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Susan U. Niemcewicz wrote from Elizabethtown, New Jersey to Julian Niemcewicz, unaddressed. Relieved to receive Julian’s long letter and that he arrived safely over the perils of sea voyages. Thanked him for the pins, taper candlestick, the Wedgwood Ware, and the Old English Baron. The taste displayed in choosing each article was great and the transportation was attended with very good fortune, only a cream ladle was broken. If Julian returned by way of England, Susan asked him to purchase 4 dishes of handsome shapes and 2 cream and sugar bowls, but only if it was perfectly convenient to his finances. She also requested a set of wine glasses, 4 pint and 2-quart decanters, 4 water carofts (carafes), 4 urns with covers for pickles or sweetmeats, tumblers to match the other articles, and 18 silver-bladed dessert knives. Respecting a house, Susan could not answer. She told many people that she wanted to dispose of her and Julian’s home in Elizabethtown but no one offered to take it. In terms of friend and domestic concerns, Susan informed Julian that the troops of the Barracks had been orderly and that her generals and forces had been kept quietly in their quarters. Tom behaved peaceably though he required a strict commanding officer. He showed a strong disposition to be out of quarters after Susan’s bedtime and she found it expedient to place him at the head of the stairs to prevent the enemy’s attacking the chamber door. Phil was a very good officer but talked too much. Madam Betty had full power to quit the service and a discharge was signed but, according to Susan, Betty knew her own interest too well to accept the discharge and she was fully determined to bring 1 or 2 recruits to join the corps. In the civil department, Polly refused to leave her situation until Julian returned. Susan suggested that Julian choose a wine with the help of Mrs. Otto and requested more items including plain neat shoes made of silk and leather, a glass lanthorn, and household linen for the table and beds. Mentioned their friends Mrs. Bell, Mr. Ricketts, Phil Livingston, and Mrs. Livingston. Peter was determined that no boy would understand their language or arithmetic more than him and felt that he was ready to attend college in the Autumn. Desired Mitchel to procure the best kind of wood to build a carriage with. With Peter’s care, the horse was almost cured of the heaves.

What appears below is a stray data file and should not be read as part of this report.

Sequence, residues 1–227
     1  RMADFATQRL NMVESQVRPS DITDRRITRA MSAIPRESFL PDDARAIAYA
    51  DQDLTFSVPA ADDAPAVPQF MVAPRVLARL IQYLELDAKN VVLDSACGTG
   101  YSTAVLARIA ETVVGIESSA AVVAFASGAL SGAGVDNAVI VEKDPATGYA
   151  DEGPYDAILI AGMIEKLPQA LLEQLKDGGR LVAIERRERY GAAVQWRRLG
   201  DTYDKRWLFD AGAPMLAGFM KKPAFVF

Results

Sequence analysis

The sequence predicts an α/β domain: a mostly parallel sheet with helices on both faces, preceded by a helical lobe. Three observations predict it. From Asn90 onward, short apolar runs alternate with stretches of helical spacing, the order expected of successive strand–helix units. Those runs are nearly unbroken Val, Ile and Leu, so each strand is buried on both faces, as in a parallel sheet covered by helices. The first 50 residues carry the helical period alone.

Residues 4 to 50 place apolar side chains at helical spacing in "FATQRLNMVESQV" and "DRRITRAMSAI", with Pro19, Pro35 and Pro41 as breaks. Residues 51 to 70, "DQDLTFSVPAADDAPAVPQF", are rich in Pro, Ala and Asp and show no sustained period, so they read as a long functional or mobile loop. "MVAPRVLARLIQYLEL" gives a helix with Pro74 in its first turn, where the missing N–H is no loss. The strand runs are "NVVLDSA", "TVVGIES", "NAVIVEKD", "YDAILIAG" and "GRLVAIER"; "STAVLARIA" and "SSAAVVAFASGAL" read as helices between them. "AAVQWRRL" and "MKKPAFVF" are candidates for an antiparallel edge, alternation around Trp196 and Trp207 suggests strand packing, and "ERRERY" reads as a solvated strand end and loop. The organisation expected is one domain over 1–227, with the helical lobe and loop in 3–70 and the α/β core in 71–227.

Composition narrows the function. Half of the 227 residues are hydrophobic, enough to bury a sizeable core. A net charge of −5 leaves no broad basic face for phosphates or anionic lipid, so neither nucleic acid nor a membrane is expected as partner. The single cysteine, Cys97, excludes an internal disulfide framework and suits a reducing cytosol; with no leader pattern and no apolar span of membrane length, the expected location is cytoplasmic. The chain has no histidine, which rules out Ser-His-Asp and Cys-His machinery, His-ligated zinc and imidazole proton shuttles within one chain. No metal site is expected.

People mentioned: Mr. and Mrs. Otto, Mrs. Bell, Mr. Ricketts, Philip Livingston, Mrs. Livingston, Mr. Rutgers, and Henry Gahn.

This letter refers to servants Tom, Philip, Betty, and Polly.


Susan Ursin Niemcewicz, formerly Susan Livingston and Susan Kean (1759-1833)


Julian Ursin Niemcewicz (1758-1841)

Julian Ursyn Niemcewicz (1758-1841)

Creation Date


Creation Date


Document Type



Elizabethtown, New Jersey


Liberty Hall Collection, 1711-1847 (bulk 1790-1830)

Inventory Location

Bay 1, Column 2, LHC Series 2


This collection is open to the public for research use. Copyright remains with Kean University. Credit this material. Personal photographs may be made for research purposes. Inquiries regarding publishing material from the collection should be directed to Lynette Zimmerman, Executive Director at the Liberty Hall Academic Center & Exhibition Hall at

Publishing Repository

Special Collections Research Library and Archive, Kean University

Susan U. Niemcewicz to Julian Niemcewicz, November 18, 1802


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